Cuomo daughter shares queer identity: 'You are not alone'

Michaela Kennedy-Cuomo attends Governor Cuomo Announcement and Briefing on COVID-19 Response on Intrepid Sea, Air and Space Museum on Memorial Day. (Photo by Lev Radin/Pacific Press/LightRocket via Getty Images)

Michaela Kennedy-Cuomo, the daughter of New York's governor, used a social media post Thursday to share her "queer" identity and call for allies to speak up against homophobia.

"To those who are contending with the compulsive heterosexuality our society force feeds us and innate attraction beyond cis het folks, please know that you are not alone," the 23-year-old wrote on Instagram. "Today, I stand in my queer identity with pride, and in memory of those who came before me. I stand indebted to the activists who fought for my right to love and happiness."

Kennedy-Cuomo has often used her social media accounts to advocate for the LGBTQ community, including those affected by sexual assault.

She has also shared pictures of herself at Pride marches with family members including Gov. Andrew Cuomo, a Democrat who pushed for the successful passage of same-sex marriage legislation in the state 2011.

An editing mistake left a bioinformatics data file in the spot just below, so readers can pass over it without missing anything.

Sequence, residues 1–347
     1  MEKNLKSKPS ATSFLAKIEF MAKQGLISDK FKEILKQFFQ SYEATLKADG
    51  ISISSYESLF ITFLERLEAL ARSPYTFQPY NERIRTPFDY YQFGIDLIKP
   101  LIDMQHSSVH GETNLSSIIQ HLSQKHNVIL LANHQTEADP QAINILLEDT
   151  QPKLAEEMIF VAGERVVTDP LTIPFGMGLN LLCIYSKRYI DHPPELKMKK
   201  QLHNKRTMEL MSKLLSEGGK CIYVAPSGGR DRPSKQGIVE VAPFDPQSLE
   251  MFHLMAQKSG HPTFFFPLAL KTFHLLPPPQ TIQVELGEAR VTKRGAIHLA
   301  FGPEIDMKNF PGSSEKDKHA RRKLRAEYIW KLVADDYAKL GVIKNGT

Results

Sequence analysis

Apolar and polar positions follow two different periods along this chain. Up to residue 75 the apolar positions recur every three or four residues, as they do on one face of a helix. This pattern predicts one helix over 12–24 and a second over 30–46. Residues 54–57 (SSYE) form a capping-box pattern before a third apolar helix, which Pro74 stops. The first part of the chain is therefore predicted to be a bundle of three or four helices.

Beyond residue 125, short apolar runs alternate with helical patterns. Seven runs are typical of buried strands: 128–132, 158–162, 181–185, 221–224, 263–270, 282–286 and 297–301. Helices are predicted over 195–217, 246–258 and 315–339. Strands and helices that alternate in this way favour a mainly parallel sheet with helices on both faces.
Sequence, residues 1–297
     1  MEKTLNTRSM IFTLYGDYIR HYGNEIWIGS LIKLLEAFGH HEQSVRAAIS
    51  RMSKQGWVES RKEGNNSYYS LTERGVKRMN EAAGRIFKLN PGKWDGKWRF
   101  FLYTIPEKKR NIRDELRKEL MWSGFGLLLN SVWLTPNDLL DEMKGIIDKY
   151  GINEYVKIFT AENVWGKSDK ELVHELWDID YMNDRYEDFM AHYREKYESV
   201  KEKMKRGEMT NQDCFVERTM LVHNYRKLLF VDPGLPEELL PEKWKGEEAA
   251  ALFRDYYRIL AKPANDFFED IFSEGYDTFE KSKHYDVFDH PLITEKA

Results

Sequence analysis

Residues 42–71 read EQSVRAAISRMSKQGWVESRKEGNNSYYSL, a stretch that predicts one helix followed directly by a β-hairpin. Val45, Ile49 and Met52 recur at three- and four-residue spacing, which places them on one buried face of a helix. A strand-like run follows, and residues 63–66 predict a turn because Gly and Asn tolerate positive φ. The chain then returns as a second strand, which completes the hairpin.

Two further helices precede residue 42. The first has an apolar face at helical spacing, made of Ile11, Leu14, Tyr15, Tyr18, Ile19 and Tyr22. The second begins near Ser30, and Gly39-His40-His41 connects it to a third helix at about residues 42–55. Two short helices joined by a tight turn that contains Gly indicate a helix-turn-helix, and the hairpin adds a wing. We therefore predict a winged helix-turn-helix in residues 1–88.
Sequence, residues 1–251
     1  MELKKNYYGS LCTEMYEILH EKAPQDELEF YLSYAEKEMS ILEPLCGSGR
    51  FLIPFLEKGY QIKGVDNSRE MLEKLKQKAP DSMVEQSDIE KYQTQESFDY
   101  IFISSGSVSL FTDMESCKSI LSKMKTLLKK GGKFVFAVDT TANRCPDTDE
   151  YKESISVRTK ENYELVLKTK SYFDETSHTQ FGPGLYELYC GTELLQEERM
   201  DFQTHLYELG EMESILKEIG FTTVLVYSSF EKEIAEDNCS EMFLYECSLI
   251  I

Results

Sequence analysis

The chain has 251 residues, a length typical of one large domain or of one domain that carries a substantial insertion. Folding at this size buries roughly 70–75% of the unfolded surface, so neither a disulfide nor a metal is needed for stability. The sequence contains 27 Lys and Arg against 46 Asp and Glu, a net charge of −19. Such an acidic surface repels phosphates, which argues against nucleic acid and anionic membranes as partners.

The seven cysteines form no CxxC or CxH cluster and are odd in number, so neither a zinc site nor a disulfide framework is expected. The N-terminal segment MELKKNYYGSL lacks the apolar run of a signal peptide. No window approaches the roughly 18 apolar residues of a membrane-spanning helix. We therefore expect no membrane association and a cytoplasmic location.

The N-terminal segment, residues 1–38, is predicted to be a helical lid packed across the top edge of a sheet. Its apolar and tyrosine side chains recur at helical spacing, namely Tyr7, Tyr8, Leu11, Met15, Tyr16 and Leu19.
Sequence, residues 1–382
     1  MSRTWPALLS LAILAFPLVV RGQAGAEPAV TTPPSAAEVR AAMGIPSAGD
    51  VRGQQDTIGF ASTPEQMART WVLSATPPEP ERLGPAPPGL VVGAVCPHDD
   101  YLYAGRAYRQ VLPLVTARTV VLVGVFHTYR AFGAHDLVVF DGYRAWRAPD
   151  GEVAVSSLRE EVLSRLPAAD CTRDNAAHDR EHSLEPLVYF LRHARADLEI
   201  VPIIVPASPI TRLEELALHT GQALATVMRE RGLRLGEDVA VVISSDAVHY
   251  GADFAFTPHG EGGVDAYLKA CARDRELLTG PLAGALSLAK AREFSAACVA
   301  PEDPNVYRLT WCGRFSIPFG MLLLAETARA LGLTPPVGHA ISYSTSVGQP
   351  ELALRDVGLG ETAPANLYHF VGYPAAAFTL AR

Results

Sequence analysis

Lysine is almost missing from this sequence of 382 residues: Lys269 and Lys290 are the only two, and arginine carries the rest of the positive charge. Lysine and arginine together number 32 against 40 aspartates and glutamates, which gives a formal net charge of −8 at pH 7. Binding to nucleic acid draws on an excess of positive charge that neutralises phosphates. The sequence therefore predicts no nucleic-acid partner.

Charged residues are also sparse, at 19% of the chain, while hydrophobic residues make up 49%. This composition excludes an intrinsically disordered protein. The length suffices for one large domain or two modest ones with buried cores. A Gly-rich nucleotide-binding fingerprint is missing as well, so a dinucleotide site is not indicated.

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"I love, support and couldn’t have more pride in Michaela," Cuomo said in a statement.

June is Pride Month in New York and elsewhere, with events scheduled throughout the month to commemorate the 1969 Stonewall rebellion.

Kennedy-Cuomo is the governor’s youngest of three daughters that he has with ex-wife Kerry Kennedy.

In her Instagram post Thursday, Kennedy-Cuomo said filtering programs on social media platforms have at times made it harder to find content with key words such as "lesbian and bi."

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Without such "censorship," she wrote: "maybe I could have accessed the information and tools that as a bisexual person I would need to protect myself from increased rates of sexual victimization, homelessness, hunger, unemployment, hate crimes, and mental health challenges."

Kennedy-Cuomo urged people who need help with issues around their sexuality to reach out to the Trevor Project, a national group providing crisis intervention and suicide prevention services to LGBTQ youth.